On August 8 2017, Google CEO Sundar Pichai abruptly cancelled the company’s much-anticipated all hands Town Hall meeting, convened to discuss the gender controversy that has engulfed the company and in turn created the worst kind of publicity from a reputational perspective. This decision was taken because some Google employees expressed concern over online harassment they had begun to receive after their questions and names had been published outside the company on a variety of what are predominantly right wing websites.
Pichai was set to address all Google’s 60,000 employees in an interactive meeting concerning the recent toxic blog post by now former employee James Damore. In his notorious blog, the software engineer claimed that women might not be as good as men at tech because of biological reasons, like “neuroticism.” In other words, they could not handle stress and high pressure.
WIRED reported that Google employees had submitted more than 520 questions in advance for the planned session, some critical of Damore's reasoning and conclusions, but other paticipants evidently expressed concern that he had been fired for simply speaking his mind. More than 5,000 Google employees had then used an internal tool to rank the questions they most wanted Pichai to answer.
As Tech Crunch noted, Pichai wrote to all employees just 45 minutes before the planned start of the meeting, “We had hoped to have a frank, open discussion today as we always do to bring us together and move forward. But our questions appeared externally this afternoon, and on some websites Googlers are now being named personally. Googlers are writing in, concerned about their safety and worried they may be ‘outed’ publicly for asking a question in the Town Hall.” The Town Hall had to be abandoned because the organisers could not convince the participants that their feedback and questions would be kept anonymous.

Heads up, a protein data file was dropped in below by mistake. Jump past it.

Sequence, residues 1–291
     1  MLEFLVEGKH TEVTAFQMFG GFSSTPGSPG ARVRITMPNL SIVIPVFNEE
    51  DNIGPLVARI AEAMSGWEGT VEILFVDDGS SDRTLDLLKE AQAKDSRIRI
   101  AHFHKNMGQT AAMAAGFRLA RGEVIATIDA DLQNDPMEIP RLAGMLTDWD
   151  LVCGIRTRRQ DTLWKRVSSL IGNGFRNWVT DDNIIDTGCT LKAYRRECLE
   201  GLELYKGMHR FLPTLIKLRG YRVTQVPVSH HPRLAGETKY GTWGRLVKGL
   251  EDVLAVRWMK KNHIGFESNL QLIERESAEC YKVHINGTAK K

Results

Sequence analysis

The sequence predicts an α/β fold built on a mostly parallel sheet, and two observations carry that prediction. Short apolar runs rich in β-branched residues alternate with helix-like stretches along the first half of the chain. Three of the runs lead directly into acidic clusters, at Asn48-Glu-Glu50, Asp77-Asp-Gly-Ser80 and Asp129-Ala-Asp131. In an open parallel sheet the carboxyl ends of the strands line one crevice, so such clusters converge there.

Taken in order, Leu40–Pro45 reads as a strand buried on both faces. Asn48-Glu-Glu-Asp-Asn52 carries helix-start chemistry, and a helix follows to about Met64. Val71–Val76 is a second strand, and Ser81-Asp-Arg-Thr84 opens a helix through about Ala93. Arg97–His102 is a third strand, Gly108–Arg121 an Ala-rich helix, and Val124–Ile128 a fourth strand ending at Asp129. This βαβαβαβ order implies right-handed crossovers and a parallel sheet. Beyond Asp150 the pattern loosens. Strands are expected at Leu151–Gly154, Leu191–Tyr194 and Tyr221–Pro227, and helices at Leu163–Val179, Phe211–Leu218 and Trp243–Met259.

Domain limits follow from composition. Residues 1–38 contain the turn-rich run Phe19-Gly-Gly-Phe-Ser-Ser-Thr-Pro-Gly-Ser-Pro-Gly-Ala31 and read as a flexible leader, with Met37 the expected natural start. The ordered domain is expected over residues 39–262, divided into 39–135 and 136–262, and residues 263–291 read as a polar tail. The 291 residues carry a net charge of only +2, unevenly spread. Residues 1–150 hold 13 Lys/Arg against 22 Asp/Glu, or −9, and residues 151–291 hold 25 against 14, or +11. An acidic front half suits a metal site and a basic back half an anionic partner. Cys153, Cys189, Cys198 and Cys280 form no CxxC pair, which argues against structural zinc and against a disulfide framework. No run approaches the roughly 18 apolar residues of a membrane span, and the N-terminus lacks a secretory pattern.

The guarantee of anonymity is a fundamental tenet of meetings that seek to solicit genuine, unembellished opinion to drive informed decision making; especially where difficult and controversial issues are concerned. This has always influenced us at Vevox and led us to prioritise optional anonymity as a key feature of our Group Discussion technology.
The aim is to give everyone a voice, to encourage all participants to share their thoughts. Vevox also offers the opportunity to hear what other people think through its polling and Q&A functionality and helps to keep the conversation honest and unbiased, whilst respecting potentially conflicting views or opinions with the option of anonymity. Participants can leave questions or comments on the Vevox discussion board and keep their identity private with Vevox’s anonymous mode. They can, moreover, ‘vote-up’ comments or questions from other participants with a ‘Like’ feature.
If you enjoyed this post, why not read our related blog: "10 reasons you need a polling app in your employee comms meetings."